The interactions between turbulence and cloud microphysical processes have been investigated primarily through numerical simulation and field measurements over the last ten years. However, only in the laboratory we can be confident in our knowledge of initial and boundary conditions, and are able to measure under statistically stationary and repeatable conditions. In this talk, a unique turbulent moist-air wind tunnel will be presented, called the Turbulent Leipzig Aerosol Cloud Interaction Simulator (LACIS-T) which has been developed in order to study cloud physical processes in general and interactions between turbulence and cloud microphysical processes in particular. Investigations take place under well-defined and reproducible turbulent and thermodynamic conditions covering the temperature range of warm, mixed-phase and cold clouds (25°C > T > -40°C). The continuous-flow design of the facility allows for the investigation of processes occurring on small time (up to a few seconds) and spatial scales (micrometer to meter scale) and with a Lagrangian perspective. The experimental studies using LACIS-T are accompanied and complemented by Computational Fluid Dynamics (CFD) simulations which are helpful to design experiments as well as to interpret experimental results.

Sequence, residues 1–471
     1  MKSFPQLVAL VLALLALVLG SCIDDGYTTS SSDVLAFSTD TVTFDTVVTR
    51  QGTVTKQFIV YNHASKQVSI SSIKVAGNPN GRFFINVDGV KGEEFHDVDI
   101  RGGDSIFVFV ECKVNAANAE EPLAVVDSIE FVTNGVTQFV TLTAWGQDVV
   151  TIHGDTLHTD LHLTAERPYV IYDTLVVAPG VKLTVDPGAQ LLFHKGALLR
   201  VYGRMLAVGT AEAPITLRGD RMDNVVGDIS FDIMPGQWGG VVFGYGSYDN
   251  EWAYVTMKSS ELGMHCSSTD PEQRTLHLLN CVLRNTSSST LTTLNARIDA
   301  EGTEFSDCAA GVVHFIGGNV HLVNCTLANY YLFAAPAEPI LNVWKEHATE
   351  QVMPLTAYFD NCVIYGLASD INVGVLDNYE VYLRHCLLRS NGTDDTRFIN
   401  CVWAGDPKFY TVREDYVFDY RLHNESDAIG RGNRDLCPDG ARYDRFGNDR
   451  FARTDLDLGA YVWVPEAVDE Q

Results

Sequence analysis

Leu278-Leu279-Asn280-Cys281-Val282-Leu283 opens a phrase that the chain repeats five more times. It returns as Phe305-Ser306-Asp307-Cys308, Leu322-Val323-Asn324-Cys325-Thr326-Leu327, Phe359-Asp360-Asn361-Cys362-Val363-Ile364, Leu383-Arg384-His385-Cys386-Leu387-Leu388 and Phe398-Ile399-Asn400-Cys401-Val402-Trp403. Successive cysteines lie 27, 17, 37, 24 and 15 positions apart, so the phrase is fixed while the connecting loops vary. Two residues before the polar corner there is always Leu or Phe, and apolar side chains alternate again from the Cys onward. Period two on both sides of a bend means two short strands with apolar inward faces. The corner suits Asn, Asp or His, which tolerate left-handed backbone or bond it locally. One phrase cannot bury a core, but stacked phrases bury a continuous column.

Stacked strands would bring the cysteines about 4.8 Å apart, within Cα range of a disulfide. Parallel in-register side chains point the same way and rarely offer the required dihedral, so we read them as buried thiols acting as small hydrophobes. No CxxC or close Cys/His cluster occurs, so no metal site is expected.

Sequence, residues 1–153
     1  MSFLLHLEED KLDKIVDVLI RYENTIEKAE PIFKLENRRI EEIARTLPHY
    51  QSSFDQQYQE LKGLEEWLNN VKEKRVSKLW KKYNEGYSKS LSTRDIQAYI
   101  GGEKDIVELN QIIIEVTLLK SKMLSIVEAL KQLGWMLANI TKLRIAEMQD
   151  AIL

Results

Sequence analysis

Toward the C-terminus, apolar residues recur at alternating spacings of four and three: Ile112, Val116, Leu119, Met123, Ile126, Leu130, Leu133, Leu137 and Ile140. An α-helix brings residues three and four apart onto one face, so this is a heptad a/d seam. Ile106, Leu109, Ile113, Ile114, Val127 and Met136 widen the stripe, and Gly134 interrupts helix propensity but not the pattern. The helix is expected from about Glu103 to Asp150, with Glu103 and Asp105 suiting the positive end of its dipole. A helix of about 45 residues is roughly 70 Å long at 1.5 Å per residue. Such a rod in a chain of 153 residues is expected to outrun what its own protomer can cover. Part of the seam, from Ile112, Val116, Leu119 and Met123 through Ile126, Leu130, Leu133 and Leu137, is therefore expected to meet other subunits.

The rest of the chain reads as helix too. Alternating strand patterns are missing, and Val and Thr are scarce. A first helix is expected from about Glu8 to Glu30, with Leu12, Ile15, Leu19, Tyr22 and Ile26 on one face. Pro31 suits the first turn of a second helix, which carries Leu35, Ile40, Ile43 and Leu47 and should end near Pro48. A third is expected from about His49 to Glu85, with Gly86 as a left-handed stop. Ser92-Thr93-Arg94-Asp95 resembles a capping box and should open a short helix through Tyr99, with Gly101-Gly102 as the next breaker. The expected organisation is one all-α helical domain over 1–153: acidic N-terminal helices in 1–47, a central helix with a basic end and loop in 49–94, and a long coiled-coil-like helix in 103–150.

In this talk, I will present the fundamental operating principle of LACIS-T, the numerical model as well as results concerning the thermodynamic and flow conditions prevailing inside the wind tunnel combining both characterization measurements and numerical simulations. Finally, results are depicted from deliquescence/hygroscopic growth as well as droplet activation and growth experiments.